Mac problem: USB accessories with high power consumption will be disabled

USB accessories require too much power and are deactivated

A reader wrote to me this morning that his Mac threw the following message every time he plugged in the DVD player:

USB accessories disabled. Disconnect high-power accessories to activate USB devices.

Regardless of which port the device is connected to, the same message is always given and the external DVD player refuses to work.

The Mac throws this error message when a connected device wants more power than the USB port can supply.

The Mac throws this error message when a connected device wants more power than the USB port can supply.

Why is the power consumption too high?

The above message comes because the USB port on your Mac cannot provide enough power to operate the DVD player. The USB specifications regulate how much power is available at the USB port:

  • USB 3.1 Gen 2: up to 3.000 mA
  • USB 3.1 Gen 1: up to 900 mA
  • USB 2.0: up to 500 mA
  • USB 1.1: up to 500 mA

If the device wants to provide more power than the port can deliver according to the specification, the warning message appears on the Mac and the device is deactivated.

The USB ports on older iMacs still have the USB-A port, while newer iMac models have USB-C ports (Photo: Sir Apfelot).

The USB ports on older iMacs still have the USB-A port, while newer iMac models have USB-C ports (Photo: Sir Apfelot).

What USB specification does my Mac support?

To find out which USB standard your Mac uses, you proceed as follows:

  1. Apple menu
  2. About this Mac
  3. Support
  4. Specifications

There you will find a link to the Apple site, where you can find information about your Mac. The following data could be seen under the heading "Charging and expansion":

The “Charging and Expansion” section lists the Mac's USB specifications.

The “Charging and Expansion” section lists the Mac's USB specifications.

System Information app provides details about the USB ports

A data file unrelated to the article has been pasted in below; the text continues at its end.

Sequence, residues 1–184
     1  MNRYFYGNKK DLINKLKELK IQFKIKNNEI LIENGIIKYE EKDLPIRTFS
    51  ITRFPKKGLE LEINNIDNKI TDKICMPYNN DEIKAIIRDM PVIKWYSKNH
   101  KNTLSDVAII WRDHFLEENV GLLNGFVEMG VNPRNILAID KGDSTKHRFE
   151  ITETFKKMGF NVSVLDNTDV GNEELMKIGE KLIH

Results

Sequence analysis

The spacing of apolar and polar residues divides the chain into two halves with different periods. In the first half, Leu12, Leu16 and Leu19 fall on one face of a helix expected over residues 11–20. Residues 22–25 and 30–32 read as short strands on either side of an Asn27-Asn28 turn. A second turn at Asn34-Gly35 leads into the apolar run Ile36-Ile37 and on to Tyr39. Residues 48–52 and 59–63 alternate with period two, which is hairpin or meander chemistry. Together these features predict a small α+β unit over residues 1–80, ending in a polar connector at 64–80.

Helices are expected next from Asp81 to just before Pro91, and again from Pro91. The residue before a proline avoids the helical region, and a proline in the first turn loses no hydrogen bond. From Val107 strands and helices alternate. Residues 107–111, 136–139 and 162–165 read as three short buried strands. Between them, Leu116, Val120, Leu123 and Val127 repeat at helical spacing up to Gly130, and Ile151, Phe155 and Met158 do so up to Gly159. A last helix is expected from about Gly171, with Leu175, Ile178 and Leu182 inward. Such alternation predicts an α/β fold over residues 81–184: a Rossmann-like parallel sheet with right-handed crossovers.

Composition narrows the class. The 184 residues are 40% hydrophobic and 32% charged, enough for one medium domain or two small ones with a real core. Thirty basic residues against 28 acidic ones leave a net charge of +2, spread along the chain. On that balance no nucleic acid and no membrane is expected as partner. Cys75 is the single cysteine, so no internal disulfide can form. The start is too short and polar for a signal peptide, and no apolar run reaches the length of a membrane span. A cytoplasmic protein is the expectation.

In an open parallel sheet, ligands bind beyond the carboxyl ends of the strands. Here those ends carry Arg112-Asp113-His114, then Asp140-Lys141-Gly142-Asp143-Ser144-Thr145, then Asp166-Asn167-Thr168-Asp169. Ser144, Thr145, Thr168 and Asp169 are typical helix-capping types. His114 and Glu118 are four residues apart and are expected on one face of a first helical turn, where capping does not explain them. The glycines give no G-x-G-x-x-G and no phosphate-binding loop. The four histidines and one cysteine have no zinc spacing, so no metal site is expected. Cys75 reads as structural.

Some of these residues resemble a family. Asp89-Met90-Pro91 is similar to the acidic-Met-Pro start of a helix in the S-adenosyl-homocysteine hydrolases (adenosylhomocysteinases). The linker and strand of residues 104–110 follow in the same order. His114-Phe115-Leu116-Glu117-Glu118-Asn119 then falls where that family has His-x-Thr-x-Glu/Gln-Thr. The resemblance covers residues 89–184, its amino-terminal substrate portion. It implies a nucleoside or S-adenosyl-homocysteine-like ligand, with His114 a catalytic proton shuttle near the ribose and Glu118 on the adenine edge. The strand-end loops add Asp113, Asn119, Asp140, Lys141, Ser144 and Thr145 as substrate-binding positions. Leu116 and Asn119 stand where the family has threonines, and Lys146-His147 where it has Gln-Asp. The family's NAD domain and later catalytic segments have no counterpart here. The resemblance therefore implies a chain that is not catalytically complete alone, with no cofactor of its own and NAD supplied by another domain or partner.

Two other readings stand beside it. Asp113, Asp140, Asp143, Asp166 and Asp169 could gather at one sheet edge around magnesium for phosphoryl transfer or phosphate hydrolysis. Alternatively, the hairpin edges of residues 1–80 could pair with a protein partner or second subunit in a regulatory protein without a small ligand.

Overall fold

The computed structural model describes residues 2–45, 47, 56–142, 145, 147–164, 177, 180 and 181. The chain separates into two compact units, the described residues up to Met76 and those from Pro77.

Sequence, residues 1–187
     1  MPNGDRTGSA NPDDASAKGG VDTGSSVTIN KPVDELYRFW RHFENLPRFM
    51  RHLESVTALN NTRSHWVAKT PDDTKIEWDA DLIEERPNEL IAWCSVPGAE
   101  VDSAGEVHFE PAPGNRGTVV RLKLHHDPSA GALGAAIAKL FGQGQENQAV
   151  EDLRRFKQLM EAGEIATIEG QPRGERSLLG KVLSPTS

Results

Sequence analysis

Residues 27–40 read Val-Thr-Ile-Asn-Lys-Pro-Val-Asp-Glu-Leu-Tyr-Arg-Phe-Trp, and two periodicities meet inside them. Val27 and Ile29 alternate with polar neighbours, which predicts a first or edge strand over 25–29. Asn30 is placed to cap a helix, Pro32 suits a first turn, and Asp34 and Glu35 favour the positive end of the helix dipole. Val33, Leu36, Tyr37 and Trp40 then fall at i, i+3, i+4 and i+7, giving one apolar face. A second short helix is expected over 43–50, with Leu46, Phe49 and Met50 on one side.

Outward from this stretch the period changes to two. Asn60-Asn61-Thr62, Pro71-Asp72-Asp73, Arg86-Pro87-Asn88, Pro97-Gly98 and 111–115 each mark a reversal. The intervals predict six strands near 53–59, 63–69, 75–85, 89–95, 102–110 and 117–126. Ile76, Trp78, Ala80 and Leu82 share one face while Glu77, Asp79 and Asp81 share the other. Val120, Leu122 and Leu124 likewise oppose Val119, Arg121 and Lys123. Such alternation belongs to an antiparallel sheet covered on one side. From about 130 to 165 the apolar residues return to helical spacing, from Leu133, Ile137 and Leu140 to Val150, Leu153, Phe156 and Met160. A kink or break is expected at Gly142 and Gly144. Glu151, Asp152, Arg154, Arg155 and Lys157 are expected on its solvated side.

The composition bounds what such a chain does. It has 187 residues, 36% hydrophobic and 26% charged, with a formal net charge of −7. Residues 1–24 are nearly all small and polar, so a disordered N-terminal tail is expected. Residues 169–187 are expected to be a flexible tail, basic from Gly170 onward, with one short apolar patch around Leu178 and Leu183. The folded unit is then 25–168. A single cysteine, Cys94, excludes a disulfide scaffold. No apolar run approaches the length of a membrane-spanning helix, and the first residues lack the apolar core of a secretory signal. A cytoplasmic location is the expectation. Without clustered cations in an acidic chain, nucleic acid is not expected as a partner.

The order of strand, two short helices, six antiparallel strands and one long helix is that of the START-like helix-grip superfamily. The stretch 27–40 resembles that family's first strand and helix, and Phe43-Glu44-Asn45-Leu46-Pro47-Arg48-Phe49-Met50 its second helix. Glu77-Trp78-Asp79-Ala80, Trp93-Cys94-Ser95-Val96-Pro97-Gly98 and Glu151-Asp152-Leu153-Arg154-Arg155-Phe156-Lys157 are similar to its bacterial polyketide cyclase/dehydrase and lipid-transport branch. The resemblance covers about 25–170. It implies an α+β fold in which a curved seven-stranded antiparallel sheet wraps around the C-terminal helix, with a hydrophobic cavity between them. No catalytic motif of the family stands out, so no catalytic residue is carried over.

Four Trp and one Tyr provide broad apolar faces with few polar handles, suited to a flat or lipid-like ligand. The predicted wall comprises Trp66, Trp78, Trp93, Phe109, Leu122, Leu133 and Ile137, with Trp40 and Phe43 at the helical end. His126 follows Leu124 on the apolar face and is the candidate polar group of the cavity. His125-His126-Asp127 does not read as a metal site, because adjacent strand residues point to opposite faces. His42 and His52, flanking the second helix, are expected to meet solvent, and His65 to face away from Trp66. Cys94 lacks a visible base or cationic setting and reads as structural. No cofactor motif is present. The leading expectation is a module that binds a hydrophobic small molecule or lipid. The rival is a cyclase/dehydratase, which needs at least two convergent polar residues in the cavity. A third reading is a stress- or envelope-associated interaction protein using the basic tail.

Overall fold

If you want a little more information, you can call up the system information in the following way:

  1. Apple menu
  2. About this Mac
  3. Overview
  4. System report
  5. Hardware> USB

With me you can see the USB 3.1 bus there, which you can select in order to then determine the maximum current that an external USB device without its own power supply can have under the entry "Available current". In my case this is 900 mA.

In the system profiler you can get detailed information about the USB support of the Mac.

Possible remedy: Y-USB cable or active USB hub

Since the USB ports in the Mac are difficult to exchange, there is only one way to get the external device working: you have to make sure that it gets more power. This can be done either with an active USB hub or with a Y-USB cable realize. With the solution with the Y-cable, however, I have a massive limitation that I will explain below.

Active USB hub (with power supply unit)

An active USB hub is a type of USB distributor, which, however, has its own power supply and thus also supplies the connected devices. I have that with me Orico A3H13P2 running with a total of 13 ports, but there are also smaller, active hubs here at Amazon that do the job. The Anker Ultra Slim 4-Port Hub with power supply would be a smaller solution, for example.

If you have a high need for USB ports, you can go for it take a look at the Orico Hubthat I have in use:

Finally a hub that can handle all my peripheral devices and still has a few ports free - the Orico A3H13P2 (Photos: Sir Apfelot).

Finally a hub that can handle all my peripheral devices and still has a few ports free - the Orico A3H13P2 (Photos: Sir Apfelot).

Y-USB cable for external power supply

The other solution is a so-called Y-cable, which is so called because of its construction. You connect this cable to both the Mac and an external USB power supply unit and connect it on the other side to the external DVD player, Bluray burner or the external CD drive - whatever it should be.

This way, the external device is powered by the power adapter while the data connection is running on the Mac. This is a good copy of a Y-USB cable Y-cables from Goobay. However, not all USB Y cables support the USB 3.0 standard. For external hard drives, SSDs and fast storage media, you should use a cable that offers USB 3.0.

goobay 95749 USB 3.0 Dual Power SuperSpeed ​​Y-USB cable for external HDD / SSD black
  • USB 3.0 Dual Power SuperSpeed ​​cable - 2x USB 3.0 plug (type A) to USB 3.0 socket (type A)
  • Y USB cable for feeding the power from two USB ports, e.g. for energy-intensive devices such as external 2.5 "...
  • UBS 3 SuperSpeed ​​data transfers up to 5 Gbit / s 10 times faster than USB 2.0

My recommendation: active hubs with power packs

I would tend to use an active USB 3 hub with a power supply rather than the Y-cable, as you can also use this to connect multiple devices to a USB port on the Mac or to charge the iPhone and iPad or to connect them to the Mac. This means that the area of ​​application is much broader.

 

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